A visit to Frankfurt’s Christmas Markets
A delight in the Hesse region of Germany
The never ending Christmas market
The never ending Christmas market
After Frankfurt, we were then heading north to Cologne.
Frankfurt can trace its Christmas market history back 1393. However, it wasn’t until the early 19th century that the Christmas tree was introduced.
The Christmas tree in Römerberg
A selection of meats on the Christmas market
A reference guide
I love nothing more than planning a trip and so often I use the DK Eyewitness books. I find them extremely informative, easy to follow and the pictures and maps tempt you into discovering more.
We used a previous version of this book to plan our Germany road trips, now you can grab the revised copy.
When I did my initial research on the festive season in Frankfurt, I thought the market was going to be reasonably small.
The Drexel grill
When I did my initial research on the festive season in Frankfurt,
I thought the market was going to be reasonably small.
Glühwein at Hauptwache
All gather for Glühwein
The roasted nut stall
When the sun goes down
We had arrived at our favourite time when the sun starts setting, and the stalls are awash with twinkling lights.
So, no time like the present and it was time for a Frankfurter & glühwein.
The Christmas Pyramid
Go with the flow
You don’t need a map here, as the markets flow along, immediately you are heading up to Römerberg.
This is a delightful square with half-timbered buildings encircling it and where the tree stands high above.
The main Christmas tree
One of the carousels
Here a local specialty here is apfelwein (apple glühwein) and also brombeerwein (blackberry glühwein), I got Gary an extra topping of cream.
Merry Christmas from Römerberg
Now, I know we are in Germany, but we couldn’t resist trying a fondue, Gary just loves them.
The Cheese fondue
As we jostled with the revellers, we head onto St Paul's Square. This is quite a large market and once again full of a wide range of gifts.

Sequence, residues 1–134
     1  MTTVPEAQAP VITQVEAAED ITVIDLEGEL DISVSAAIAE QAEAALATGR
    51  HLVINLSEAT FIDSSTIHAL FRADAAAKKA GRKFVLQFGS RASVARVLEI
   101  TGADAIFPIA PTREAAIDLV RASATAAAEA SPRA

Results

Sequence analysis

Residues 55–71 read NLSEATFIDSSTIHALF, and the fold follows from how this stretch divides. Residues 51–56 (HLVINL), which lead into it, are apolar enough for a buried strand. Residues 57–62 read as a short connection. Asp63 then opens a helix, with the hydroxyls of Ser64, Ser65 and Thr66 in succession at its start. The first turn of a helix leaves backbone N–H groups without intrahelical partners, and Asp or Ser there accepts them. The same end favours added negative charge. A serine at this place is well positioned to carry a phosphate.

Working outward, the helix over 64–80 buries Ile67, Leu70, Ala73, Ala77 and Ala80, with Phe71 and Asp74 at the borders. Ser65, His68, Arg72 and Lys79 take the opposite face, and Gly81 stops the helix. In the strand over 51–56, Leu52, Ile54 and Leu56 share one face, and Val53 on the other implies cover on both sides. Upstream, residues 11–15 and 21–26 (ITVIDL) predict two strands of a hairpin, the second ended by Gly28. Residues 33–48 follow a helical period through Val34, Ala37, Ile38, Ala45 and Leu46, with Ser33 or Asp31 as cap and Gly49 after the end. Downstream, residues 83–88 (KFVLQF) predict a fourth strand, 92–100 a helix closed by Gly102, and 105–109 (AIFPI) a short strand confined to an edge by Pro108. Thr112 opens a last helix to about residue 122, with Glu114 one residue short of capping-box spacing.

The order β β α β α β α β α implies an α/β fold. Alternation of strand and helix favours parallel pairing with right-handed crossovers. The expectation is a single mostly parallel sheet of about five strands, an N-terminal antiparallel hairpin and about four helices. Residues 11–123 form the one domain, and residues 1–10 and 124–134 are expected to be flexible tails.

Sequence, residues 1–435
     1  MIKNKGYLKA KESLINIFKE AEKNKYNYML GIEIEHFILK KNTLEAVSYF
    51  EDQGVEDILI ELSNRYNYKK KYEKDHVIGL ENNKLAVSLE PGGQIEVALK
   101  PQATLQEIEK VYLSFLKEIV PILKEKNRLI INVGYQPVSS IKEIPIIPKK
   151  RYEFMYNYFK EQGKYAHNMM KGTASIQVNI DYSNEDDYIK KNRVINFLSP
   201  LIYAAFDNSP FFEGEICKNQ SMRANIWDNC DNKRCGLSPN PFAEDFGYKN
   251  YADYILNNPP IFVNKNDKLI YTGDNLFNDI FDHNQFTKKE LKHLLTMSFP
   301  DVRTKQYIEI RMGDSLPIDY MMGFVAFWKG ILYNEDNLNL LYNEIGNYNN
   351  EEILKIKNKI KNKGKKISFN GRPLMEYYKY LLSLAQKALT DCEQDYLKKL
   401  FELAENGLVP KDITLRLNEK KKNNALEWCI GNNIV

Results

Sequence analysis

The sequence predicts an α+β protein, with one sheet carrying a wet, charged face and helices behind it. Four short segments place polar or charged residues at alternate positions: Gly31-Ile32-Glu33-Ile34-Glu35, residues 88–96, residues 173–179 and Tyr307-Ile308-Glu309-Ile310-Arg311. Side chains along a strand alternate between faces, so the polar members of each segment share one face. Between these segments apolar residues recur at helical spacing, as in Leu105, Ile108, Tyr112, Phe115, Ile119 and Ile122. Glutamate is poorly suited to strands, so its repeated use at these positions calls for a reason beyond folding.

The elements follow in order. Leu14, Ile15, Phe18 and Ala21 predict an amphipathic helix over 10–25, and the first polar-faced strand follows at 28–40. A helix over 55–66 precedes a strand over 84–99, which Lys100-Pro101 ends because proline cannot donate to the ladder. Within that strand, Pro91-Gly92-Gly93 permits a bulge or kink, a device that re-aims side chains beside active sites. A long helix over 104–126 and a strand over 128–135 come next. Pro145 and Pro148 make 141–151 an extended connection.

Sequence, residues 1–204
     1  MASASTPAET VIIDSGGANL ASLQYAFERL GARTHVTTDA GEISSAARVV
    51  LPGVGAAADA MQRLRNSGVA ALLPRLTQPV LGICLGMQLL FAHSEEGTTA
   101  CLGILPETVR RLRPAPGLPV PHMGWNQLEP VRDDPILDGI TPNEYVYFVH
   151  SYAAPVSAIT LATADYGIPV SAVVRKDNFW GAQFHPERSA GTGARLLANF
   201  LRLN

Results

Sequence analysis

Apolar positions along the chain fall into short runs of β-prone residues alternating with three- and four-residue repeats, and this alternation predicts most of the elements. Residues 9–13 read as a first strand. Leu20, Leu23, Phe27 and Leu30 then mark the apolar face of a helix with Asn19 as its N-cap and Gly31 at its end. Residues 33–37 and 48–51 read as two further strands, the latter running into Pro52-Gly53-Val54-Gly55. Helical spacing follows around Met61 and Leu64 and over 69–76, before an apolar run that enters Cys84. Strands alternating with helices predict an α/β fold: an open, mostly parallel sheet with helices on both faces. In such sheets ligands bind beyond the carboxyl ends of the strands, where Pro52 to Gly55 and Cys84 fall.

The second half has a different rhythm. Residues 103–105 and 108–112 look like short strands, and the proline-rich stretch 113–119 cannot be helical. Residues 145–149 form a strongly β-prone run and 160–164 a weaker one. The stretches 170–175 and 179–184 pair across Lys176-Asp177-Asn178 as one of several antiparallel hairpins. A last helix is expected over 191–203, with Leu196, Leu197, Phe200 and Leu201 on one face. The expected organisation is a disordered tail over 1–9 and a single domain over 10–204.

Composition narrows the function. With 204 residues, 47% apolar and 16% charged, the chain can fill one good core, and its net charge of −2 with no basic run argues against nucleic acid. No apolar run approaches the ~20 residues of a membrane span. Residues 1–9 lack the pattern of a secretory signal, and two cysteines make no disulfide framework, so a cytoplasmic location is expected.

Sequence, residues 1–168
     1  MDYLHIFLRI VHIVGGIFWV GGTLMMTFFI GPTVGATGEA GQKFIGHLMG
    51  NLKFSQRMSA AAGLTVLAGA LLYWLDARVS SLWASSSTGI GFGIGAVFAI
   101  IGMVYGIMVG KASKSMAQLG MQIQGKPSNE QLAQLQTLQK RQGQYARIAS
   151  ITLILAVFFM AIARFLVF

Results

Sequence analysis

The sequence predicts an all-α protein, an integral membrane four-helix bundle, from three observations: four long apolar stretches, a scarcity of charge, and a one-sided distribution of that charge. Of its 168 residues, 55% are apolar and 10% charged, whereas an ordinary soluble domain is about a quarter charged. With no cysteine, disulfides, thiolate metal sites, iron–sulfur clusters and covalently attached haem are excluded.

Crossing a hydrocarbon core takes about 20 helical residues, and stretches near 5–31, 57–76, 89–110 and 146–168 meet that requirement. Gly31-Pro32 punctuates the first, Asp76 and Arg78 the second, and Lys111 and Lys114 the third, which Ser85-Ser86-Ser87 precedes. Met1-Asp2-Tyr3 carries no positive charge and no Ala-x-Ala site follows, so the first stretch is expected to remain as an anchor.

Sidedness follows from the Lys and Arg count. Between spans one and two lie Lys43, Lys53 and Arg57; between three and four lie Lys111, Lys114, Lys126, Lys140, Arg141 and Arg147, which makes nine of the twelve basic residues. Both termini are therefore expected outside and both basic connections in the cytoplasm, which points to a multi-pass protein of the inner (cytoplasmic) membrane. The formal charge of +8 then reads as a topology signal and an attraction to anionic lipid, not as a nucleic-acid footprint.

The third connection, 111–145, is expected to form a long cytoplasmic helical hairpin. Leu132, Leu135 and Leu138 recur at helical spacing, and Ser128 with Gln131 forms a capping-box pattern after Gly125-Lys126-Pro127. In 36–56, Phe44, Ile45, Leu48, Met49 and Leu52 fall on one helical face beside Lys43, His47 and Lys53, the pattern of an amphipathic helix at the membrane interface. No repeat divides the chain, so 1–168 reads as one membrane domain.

What we did notice about Frankfurt in comparison to other markets, was that there was quite a lot of seating. So, you could take the weight off your feet and sit and hug your hot chocolate
That Singing Moose
The singing Moose
For the sweet tooth
As we wander up towards Hauptwache passing through Liebfrauenberg, there are even more stalls; it was along here that we couldn’t resist a Schokoküsse (chocolate kiss).
This is a marshmallow, covered in chocolate with a thin biscuit base; the marshmallow filling is available in so many different flavours it’s difficult to choose. They can be a bit messy, but they are adorable.
There are great things to eat on the markets, and you are spoilt for choice. I know the obvious is often a wurst, and there is such a wide variety of these.
Gary even sampled the Käsekrainer a cheese sausage, that had a really strange texture.
A Cheese Sausage
One of my favourite dishes that you can get in restaurants and on the markets is gulaschsuppe, such a hearty dish for the cold winter days.
Frankfurt - Old & New
Frankfurt has quite an eclectic mix of architecture as you may expect
It is great to see around Altstadt that new buildings which are being erected, are being sympathetically built in line with the past.
The centrepiece of Roßmarkt
The Old Opera House
Equally it is always good to see the modern blend in any city.
Old and New
Inspired to visit Frankfurt at Christmas?
Does the hot apple wine tempt you? Or the thought of an almost seamless wander from the river, through the Old Town to the top of the market appeal to you?
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